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Whether temporal goods fall under merit?

Objection 1: It would seem that temporal goods fall under merit. For what is promised to some as a reward of justice, falls under merit. Now, temporal goods were promised in the Old Law as the reward of justice, as appears from Dt. 28. Hence it seems that temporal goods fall under merit.

Objection 2: Further, that would seem to fall under merit, which God bestows on anyone for a service done. But God sometimes bestows temporal goods on men for services done for Him. For it is written (Ex. 1:21): "And because the midwives feared God, He built them houses"; on which a gloss of Gregory (Moral. xviii, 4) says that "life everlasting might have been awarded them as the fruit of their goodwill, but on account of their sin of falsehood they received an earthly reward." And it is written (Ezech. 29:18): "The King of Babylon hath made his army to undergo hard service against Tyre . . . and there hath been no reward given him," and further on: "And it shall be wages for his army . . . I have given him the land of Egypt because he hath labored for me." Therefore temporal goods fall under merit.

Objection 3: Further, as good is to merit so is evil to demerit. But on account of the demerit of sin some are punished by God with temporal punishments, as appears from the Sodomites, Gn. 19. Hence temporal goods fall under merit.

Objection 4: On the contrary, What falls under merit does not come upon all alike. But temporal goods regard the good and the wicked alike; according to Eccles. 9:2: "All things equally happen to the just and the wicked, to the good and to the evil, to the clean and to the unclean, to him that offereth victims and to him that despiseth sacrifices." Therefore temporal goods do not fall under merit.

I answer that, What falls under merit is the reward or wage, which is a kind of good. Now man's good is twofold: the first, simply; the second, relatively. Now man's good simply is his last end (according to Ps. 72:27: "But it is good for men to adhere to my God") and consequently what is ordained and leads to this end; and these fall simply under merit. But the relative, not the simple, good of man is what is good to him now, or what is a good to him relatively; and this does not fall under merit simply, but relatively.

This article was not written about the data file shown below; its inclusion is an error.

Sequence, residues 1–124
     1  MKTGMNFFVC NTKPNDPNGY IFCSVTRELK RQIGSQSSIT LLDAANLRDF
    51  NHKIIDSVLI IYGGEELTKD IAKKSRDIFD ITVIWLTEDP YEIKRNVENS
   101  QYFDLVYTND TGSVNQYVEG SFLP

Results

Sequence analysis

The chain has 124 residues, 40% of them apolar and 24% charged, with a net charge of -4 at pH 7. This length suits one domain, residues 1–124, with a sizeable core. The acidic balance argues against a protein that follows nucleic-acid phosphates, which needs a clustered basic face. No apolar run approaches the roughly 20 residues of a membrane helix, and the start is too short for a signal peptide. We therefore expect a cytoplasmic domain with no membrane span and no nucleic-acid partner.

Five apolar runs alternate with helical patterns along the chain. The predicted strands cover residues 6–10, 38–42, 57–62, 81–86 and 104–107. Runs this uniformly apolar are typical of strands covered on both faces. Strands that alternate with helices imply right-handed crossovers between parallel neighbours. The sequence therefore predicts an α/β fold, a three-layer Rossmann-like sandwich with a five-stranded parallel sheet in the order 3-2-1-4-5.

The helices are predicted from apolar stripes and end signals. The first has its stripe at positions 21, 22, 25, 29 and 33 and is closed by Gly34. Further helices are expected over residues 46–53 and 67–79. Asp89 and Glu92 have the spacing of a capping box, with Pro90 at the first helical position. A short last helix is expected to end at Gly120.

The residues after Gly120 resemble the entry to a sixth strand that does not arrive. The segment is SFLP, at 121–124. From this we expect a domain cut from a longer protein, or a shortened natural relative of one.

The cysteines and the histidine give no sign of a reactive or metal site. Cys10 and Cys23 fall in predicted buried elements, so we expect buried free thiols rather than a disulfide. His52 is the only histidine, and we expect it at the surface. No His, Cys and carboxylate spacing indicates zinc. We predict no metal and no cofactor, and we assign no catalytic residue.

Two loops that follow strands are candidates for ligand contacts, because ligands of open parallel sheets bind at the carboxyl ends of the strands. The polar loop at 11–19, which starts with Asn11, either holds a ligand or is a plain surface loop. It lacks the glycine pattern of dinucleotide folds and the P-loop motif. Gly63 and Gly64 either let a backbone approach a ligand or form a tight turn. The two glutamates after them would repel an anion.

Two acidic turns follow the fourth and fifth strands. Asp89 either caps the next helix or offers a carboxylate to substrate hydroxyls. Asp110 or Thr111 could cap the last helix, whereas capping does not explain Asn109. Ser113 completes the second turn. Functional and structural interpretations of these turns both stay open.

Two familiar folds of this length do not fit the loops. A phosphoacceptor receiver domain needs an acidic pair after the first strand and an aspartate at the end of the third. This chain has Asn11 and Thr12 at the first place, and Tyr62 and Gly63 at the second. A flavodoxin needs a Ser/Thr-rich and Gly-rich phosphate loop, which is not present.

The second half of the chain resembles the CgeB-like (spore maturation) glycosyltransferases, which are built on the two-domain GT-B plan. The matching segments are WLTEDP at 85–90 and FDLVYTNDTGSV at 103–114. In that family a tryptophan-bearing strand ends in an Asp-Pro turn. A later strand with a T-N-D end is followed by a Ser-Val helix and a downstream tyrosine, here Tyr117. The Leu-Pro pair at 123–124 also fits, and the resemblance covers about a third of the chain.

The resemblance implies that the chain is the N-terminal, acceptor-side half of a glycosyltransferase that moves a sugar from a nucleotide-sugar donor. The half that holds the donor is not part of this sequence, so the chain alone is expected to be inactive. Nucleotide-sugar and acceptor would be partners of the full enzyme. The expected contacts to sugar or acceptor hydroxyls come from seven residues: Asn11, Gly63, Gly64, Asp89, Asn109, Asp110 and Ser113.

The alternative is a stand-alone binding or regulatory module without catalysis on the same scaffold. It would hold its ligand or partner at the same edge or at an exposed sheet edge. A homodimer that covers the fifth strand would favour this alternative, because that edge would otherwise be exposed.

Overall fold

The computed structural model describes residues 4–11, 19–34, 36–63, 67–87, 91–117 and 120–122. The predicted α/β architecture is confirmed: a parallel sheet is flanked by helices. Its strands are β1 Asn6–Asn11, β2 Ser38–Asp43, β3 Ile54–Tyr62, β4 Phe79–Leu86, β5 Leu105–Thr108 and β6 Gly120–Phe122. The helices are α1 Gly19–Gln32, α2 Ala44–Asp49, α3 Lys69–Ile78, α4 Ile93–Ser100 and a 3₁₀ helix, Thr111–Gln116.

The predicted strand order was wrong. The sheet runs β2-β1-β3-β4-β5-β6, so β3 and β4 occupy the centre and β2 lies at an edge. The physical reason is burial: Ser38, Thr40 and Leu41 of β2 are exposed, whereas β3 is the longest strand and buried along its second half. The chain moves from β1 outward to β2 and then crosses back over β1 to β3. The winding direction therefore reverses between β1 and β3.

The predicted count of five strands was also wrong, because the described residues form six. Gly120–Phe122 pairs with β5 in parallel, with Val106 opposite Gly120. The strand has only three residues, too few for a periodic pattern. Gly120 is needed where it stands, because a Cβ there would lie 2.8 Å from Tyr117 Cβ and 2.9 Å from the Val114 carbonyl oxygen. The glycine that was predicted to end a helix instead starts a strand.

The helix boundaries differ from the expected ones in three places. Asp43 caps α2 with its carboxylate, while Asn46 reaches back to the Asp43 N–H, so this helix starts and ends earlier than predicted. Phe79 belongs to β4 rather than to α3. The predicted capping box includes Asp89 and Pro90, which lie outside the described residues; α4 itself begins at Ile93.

Hence we must say that if temporal goods are considered as they are useful for virtuous works, whereby we are led to heaven, they fall directly and simply under merit, even as increase of grace, and everything whereby a man is helped to attain beatitude after the first grace. For God gives men, both just and wicked, enough temporal goods to enable them to attain to everlasting life; and thus these temporal goods are simply good. Hence it is written (Ps. 33:10): "For there is no want to them that fear Him," and again, Ps. 36:25: "I have not seen the just forsaken," etc.

But if these temporal goods are considered in themselves, they are not man's good simply, but relatively, and thus they do not fall under merit simply, but relatively, inasmuch as men are moved by God to do temporal works, in which with God's help they reach their purpose. And thus as life everlasting is simply the reward of the works of justice in relation to the Divine motion, as stated above (AA[3],6), so have temporal goods, considered in themselves, the nature of reward, with respect to the Divine motion, whereby men's wills are moved to undertake these works, even though, sometimes, men have not a right intention in them.

Reply to Objection 1: As Augustine says (Contra Faust. iv, 2), "in these temporal promises were figures of spiritual things to come. For the carnal people were adhering to the promises of the present life; and not merely their speech but even their life was prophetic."

Reply to Objection 2: These rewards are said to have been divinely brought about in relation to the Divine motion, and not in relation to the malice of their wills, especially as regards the King of Babylon, since he did not besiege Tyre as if wishing to serve God, but rather in order to usurp dominion. So, too, although the midwives had a good will with regard to saving the children, yet their will was not right, inasmuch as they framed falsehoods.

Reply to Objection 3: Temporal evils are imposed as a punishment on the wicked, inasmuch as they are not thereby helped to reach life everlasting. But to the just who are aided by these evils they are not punishments but medicines as stated above (Q[87], A[8]).

Reply to Objection 4: All things happen equally to the good and the wicked, as regards the substance of temporal good or evil; but not as regards the end, since the good and not the wicked are led to beatitude by them.

And now enough has been said regarding morals in general.

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